LOVELAND, Ohio -- If it seems like Loveland's Luke Waddell has been playing high school sports for quite a long time, it's because he has. Waddell, 18, is one of the most decorated student-athletes in Greater Cincinnati since 2013. The multi-sport star's time with the Tigers is winding down and his teammates and coaches will miss him -- on and off the field.
“What he’s done and has accomplished in four years is astonishing,” Loveland football coach Fred Cranford said. “It’s an absolute honor to be a part of his four years because of the type of kid he was.”
Waddell embodies leadership and commitment to his peers and coaches.
“He really wanted to be a Loveland Tiger. He wanted to represent Loveland High School and the Loveland community the best that he always could when he went out on the field and on the court,” Loveland Athletic Director Julie Renner said.
A title to remember
Last weekend's NFL Draft, of all things, rekindled one of the biggest highlights of Waddell's Loveland career.
When Ohio State cornerback Marshon Lattimore, a former Cleveland Glenville standout, was selected No. 11 by the New Orleans Saints last week, Waddell and his friends had fun messaging each other about the time they played Lattimore’s high school team.
Loveland defeated Cleveland Glenville 41-23 in the Division II state final on a very snowy Friday night at Canton’s Fawcett Stadium in December 2013. Waddell was the only Loveland freshman varsity player at the time.
Waddell remembers his gloves getting soaked on the second play of the game and he soon discarded them. He rushed 20 times for 183 yards and a touchdown.
Waddell’s teammates tried to stay calm in the locker room with a 34-0 halftime lead. Glenville was the favorite on paper and had numerous top recruits but committed seven turnovers in the snowstorm. The Tigers won the school’s first state football title in convincing fashion.
“It was just a fun game to look back on,” Waddell said.
Waddell continued to excel in football the next three years. He rushed for 5,600 career yards and 59 touchdowns. He had 7,334 all-purpose yards and 76 total touchdowns.
He holds six school records in football including career rushing yards, career points, career touchdowns and career receiving yards.
“He’s hard to talk about,” Cranford said with emotion in his voice. “He’s hard to describe. How he handles himself as a young man -- he wasn’t a first-round draft pick. There is no question which kid I want to coach again and again.”
Future is on the diamond
Football is Waddell’s favorite sport, but he knew baseball was best opportunity in college.
“I talked to a lot of football coaches,” Waddell said. “I think that freshman year I kind of realized that I am not that big. I think baseball was a better path for me.”
As the 5-foot-8, 180-pound Waddell completes the final few games of the baseball regular season with the Tigers this week, he is reflective of all the opportunities he’s had in football, baseball and the two years of high school basketball.
“The older I’ve gotten and the more people I’ve met the more you realize these high school guys are what you are going to look back at,” Waddell said. “It’s meant the world to me.”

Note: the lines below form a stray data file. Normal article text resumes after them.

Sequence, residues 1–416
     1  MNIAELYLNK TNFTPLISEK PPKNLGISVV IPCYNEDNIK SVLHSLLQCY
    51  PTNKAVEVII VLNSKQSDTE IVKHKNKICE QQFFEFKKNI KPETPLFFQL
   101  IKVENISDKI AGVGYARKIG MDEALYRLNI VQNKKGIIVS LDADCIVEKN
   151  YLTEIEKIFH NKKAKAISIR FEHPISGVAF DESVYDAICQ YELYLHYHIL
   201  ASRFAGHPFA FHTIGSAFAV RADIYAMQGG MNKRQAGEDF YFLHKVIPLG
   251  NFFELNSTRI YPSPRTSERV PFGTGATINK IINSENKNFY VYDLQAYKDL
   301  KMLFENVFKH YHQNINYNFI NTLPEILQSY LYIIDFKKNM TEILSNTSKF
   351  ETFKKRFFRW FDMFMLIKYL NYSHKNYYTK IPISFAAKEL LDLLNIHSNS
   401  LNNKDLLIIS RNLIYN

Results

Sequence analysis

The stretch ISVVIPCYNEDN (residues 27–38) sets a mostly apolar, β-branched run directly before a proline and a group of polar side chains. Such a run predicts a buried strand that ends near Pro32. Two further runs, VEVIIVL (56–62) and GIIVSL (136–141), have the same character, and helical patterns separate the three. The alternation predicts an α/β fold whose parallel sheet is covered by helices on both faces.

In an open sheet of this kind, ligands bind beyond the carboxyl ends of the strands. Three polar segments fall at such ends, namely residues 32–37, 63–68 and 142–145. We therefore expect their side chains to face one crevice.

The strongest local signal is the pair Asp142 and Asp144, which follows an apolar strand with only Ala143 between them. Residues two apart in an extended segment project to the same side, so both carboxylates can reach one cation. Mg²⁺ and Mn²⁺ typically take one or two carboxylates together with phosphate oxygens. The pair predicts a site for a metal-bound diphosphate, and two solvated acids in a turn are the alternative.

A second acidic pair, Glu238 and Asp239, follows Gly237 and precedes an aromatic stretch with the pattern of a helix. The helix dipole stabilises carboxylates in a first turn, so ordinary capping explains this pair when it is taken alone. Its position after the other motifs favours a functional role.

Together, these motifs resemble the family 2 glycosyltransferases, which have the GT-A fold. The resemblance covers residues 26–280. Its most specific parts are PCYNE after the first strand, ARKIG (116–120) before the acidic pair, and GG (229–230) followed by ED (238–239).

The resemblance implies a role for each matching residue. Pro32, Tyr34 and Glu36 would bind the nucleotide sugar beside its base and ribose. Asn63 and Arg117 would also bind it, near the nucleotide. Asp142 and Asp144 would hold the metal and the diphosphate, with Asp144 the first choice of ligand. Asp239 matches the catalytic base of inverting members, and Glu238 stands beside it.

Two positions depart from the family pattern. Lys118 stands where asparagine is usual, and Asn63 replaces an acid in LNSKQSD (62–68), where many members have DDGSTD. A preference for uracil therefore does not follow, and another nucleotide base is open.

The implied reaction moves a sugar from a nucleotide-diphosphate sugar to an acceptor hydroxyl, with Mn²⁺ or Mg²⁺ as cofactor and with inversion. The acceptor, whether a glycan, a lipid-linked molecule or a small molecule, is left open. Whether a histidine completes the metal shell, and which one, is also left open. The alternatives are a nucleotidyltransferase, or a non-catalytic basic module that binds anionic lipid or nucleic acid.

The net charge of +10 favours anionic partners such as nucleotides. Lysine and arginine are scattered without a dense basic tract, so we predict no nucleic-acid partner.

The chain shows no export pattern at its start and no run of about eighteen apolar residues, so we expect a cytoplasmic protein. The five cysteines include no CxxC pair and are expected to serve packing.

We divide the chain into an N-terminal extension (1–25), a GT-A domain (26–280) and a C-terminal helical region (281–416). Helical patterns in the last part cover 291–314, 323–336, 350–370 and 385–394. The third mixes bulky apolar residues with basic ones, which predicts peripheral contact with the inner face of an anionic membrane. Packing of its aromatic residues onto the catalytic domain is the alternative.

On Monday, the Georgia Tech baseball signee became Loveland’s all-time career hits leader (142). He also holds school records in games played (102) and doubles (38).
“He’s a phenomenal athlete and an even better kid,” says JD Heilmann, a scouting supervisor for Prep Baseball Report who also coached in the Midland organization. “How many kids can start as a freshman in both football and baseball?”
Waddell’s fielding percentage was .987 at the start of the week. His on-base percentage was 1.164. He’s had only one error. He’s hitting .413.
“Luke is having one of the most compete seasons of any player in Loveland High School history,” Loveland baseball coach Ken Reed said. “His statistics may not jump off the page but he is excelling at every facet of the game.”
Waddell is also another coach on the field so to speak. He’s played his entire high school career at shortstop while he also played second base with the Midland organization.
“One of the best attributes Luke brings to the field is an even keel mentality,” Reed said. “I have never worried about how handles the mental side of the game.”
Leader on field and in classroom
That cerebral approach impressed Georgia Tech baseball coach Danny Hall during the recruiting process, too.
“No. 1 he’s a really good hitter and he can hit the ball to all fields,” Hall said. “He’s a great runner. “He’s an extremely competitive kid.”
That competitiveness lends itself to academics, too. Waddell scored a 30 on his ACT and has over a 4.0 grade-point average. He plans to study business administration with a minor in business engineering.
“He’s a natural-born competitor,” Cranford said. “That’s a character trait that’s hard to instill. He’s just respected. All of his peers really value the kind of kid he is and he’s leadership.”
Waddell understood the spotlight he was under since his freshman season. He embraced the Loveland fans and community. He signed autographs for youngsters as a sophomore. He made it a point to be respectful to everyone.
“If I had to define Luke in one word I’d say he’s all about team and winning,” says his father, Eric Waddell. “He has always been on an even keel.”
That mentality went a long way with the high school coaches, administration and teammates at Loveland.
“I'm grateful that I have had a front-row seat for Luke's career on both the football and baseball field,” Reed said. “He is a rare talent that has been a joy to coach.”